Finding Lubchenko: Michael Simmons
Sports Books for Kids

Free Baseball: Sue Corbett

Speaking as a fan of baseball, and as a fan of children's books, I absolutely loved Sue Corbett's Free Baseball. This is a middle grade novel, quite short at 152 pages. I read it in one sitting. It's about a Cuban boy named Felix Piloto, who lives with his mother in Florida. Eleven-year-old Felix lives and breathes baseball, playing shortstop for his team. He longs for the day when his baseball player father will be able to leave Cuba to come to the U.S. Felix also wishes that his mother would work shorter hours, and have more time for him.

Felix's life changes when he wins tickets to opening day at the local minor league ballpark. He is humiliated, however, when his mother sends him to the game with a babysitter. Ditching the babysitter after the game, Felix makes his way into the visiting team's locker room, where he is mistaken for the new bat boy. Seizing this opportunity to punish his workaholic mother, while feeling closer to his baseball player father, Felix stows away on the team bus, and makes his way to the team's home ballpark.

Through his willingness to work hard, and aided by his ability to speak Spanish, Felix soon earns the respect of the team members, especially team owner Vic Mench. He makes the acquaintance of Homer, a very special dog/mascot. He gets to talk with real ball players, and even field for them during batting practice. It's all a dream come true! Sue Corbett's love of baseball really shines through here. Even if you don't already love baseball yourself, I think that a read of this book will tempt you out to the ball park this summer.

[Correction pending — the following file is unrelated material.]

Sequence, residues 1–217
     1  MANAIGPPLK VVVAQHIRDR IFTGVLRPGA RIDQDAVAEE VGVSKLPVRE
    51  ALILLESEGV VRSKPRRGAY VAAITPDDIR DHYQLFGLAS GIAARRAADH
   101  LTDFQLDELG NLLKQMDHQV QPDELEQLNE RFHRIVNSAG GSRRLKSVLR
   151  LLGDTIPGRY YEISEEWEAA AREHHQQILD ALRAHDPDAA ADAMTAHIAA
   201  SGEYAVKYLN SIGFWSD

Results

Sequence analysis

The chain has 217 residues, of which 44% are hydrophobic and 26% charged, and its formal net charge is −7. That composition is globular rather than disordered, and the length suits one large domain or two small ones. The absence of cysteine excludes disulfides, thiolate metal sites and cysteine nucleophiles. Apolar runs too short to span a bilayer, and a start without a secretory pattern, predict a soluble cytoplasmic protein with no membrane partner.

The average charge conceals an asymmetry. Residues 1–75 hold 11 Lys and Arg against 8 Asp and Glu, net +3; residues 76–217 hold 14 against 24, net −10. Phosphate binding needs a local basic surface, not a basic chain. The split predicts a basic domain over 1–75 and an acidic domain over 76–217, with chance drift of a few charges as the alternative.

I have to admit that I saw the ending coming quite a long way off. However, in this case this is not a bad thing. In fact, it is such a satisfying and right ending to the book that I would have been disappointed any other way. Felix is a wonderful, likable character, and Vic feels real, too. I think that Sue Corbett share's a bit of J. K. Rowling's ability for apt naming of characters, by the way, because Vic is a mensch. Felix and his mother's escape from Cuba, and Felix's father's inability to leave Cuba, are handled with a light touch, yet provide a real window into this complex issue.

I can definitely imagine re-reading this book at the start of every baseball season, and I will certainly buy it for kids I know who play or love baseball. Or who I think should play or love baseball. Free Baseball includes glossaries for both baseball terminology and Spanish phrases, which are a nice touch.

You can find more information about the book on Sue Corbett's website. She previously wrote 12 Again, about a 40-year-old woman transformed into a 12-year-old. I look forward to reading that one soon. Happy Reading!

© 2009 by Jennifer Robinson of Jen Robinson's Book Page. All rights reserved.